The story behind the ramen

At one point, the Kamazukas couldn’t afford fish for a meal, but now they run a restaurant called Tokyo Ramen. (Young Joo Jun/AQ)

Correction: An earlier version of this story indicated the Kamazuka family has moved seven times within Japan and three in USA. In fact, Kamazukas haven’t moved that many times but spent seven years living in United States, and three years in Fredericton. We regret the error.


Every morning at 7 a.m., Hirofumi Kamazuka, 50, wakes up and pours two cups of Columbian roast with the taste of hazelnut for himself and his wife. They only have an hour of alone time before they head to work at Tokyo Ramen where Hirofumi is the head chef and owner. His wife, Kyung Hee Choi, 56, is responsible for the rice dishes like katsudon at the restaurant.

“Coffee time is very important for us, to take a little bit [of time] to relax … then go to work,” Hirofumi said.

Their morning starts with putting on their uniforms: black pants, black shirt and a white Japanese headscarf. The two hours before opening is spent preparing the three broths for the ramen: miso from fermented soybean paste, shoyu from homemade soy sauce and seafood, based on sea salt from Japan.

By 11:30 a.m., the customers arrive. They are greeted with a shout, “Irashaimase,” the traditional restaurant welcome.

Hirofumi and his wife work approximately 90 hours a week, Monday through Saturday from 9 a.m. to 11 p.m.

Hirofumi learned how to make ramen in Japan, his native country. When he was 16, he worked part-time for three years in a renowned ramen restaurant in Gunma Prefecture, a small mountainous town in Japan, filled with over a hundred natural hot springs and a population of around two million.

At one point, the Kamazukas couldn’t afford fish for a meal. To earn a little money, his wife began selling kimchi to friends and neighbours. 

The couple later took over a friend’s Korean style barbecue restaurant in Tokyo but gave it up after a year and moved to Eugene, Oregon where they simultaneously ran three restaurants for seven years: Milky Way, a bubble tea café near the University of Oregon; Tokyo Tonkatsu, which sold bagel sandwiches; and their first Tokyo Ramen.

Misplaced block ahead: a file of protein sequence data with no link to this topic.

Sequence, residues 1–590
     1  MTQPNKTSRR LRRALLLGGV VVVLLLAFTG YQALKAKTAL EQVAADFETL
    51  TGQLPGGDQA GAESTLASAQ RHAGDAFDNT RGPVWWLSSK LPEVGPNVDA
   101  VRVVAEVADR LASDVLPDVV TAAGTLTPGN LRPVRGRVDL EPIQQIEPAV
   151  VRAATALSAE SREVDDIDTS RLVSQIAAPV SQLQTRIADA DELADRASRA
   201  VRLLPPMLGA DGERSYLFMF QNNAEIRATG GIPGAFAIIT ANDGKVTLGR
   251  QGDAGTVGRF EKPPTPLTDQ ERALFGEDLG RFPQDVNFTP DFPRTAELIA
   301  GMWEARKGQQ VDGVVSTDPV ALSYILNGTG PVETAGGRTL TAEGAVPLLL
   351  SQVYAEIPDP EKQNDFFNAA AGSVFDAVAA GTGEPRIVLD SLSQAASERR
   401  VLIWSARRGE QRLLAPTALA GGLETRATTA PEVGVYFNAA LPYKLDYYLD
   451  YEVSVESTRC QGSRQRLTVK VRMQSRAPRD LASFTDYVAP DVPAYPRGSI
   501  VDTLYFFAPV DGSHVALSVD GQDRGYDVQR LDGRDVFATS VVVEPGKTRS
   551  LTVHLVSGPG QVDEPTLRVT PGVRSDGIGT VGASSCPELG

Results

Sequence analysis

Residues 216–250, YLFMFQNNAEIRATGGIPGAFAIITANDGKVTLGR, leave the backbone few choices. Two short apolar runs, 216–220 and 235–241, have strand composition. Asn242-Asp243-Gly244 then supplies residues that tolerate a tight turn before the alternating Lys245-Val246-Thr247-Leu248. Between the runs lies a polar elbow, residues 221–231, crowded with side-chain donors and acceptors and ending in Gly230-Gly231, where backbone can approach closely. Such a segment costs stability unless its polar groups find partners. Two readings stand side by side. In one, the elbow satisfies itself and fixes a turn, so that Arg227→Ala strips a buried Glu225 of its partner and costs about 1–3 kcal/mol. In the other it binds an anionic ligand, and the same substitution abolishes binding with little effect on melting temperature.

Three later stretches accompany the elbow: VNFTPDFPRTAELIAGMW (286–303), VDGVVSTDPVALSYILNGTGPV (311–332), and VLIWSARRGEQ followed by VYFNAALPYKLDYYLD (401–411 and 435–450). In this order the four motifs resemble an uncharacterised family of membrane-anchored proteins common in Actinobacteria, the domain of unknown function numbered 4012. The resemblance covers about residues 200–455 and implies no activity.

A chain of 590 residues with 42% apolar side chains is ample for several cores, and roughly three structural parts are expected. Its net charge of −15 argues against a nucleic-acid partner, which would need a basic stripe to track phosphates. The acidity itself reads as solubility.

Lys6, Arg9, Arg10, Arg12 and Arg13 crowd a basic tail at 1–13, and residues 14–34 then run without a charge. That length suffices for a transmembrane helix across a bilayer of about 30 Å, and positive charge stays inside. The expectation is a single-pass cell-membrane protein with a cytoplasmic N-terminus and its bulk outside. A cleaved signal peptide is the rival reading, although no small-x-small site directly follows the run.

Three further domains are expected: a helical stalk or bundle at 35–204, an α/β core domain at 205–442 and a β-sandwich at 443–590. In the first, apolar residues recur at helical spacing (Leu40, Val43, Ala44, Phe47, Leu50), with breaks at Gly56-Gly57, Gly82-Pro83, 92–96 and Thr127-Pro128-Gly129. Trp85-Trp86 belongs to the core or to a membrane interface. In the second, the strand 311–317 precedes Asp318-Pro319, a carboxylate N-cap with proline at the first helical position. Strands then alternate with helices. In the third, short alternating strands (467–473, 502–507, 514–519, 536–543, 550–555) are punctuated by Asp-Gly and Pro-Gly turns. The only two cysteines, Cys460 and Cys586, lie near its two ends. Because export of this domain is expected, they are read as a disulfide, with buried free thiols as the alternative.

Hirofumi Kamazuka and Kyung Hee Choi work almost 90 hours a week at Tokyo Ramen. (Young Joo Jun/AQ)

Their older son, Fumikiyo Kamazuka, currently works part-time at Tokyo Ramen in Fredericton. At 16, he was put in charge of the Milky Way while his mother ran the bagel shop and his father operated the ramen restaurant. He learned English in three years while living in America.

Their sales in Oregon went up 30 per cent every year for five years. The Kamazukas would have stayed in the United States, but their status expired because their accountant forgot to register for an extension for their permanent resident status in time.

They decided not to stay illegally in the United States. Instead, they moved to Canada when a friend told them about Fredericton. It took them 10 days to drive more than 5,000 kilometres from Oregon to New Brunswick in their Honda Odyssey. Hirofumi and Fumikiyo did all the driving because Choi had no license and their second son, Masaomi Kamazuka, was too young to drive.

They received their Canadian permanent residence status three months after applying through the Atlantic Immigration Pilot Program. But passing the English proficiency test was harder. Hirofumi retook it six times before getting the minimal passing grade.

“He had to go to Saint John to take the test every single time and it was pretty disastrous,” Fumikiyo said, now 21 and a business major at the University of New Brunswick.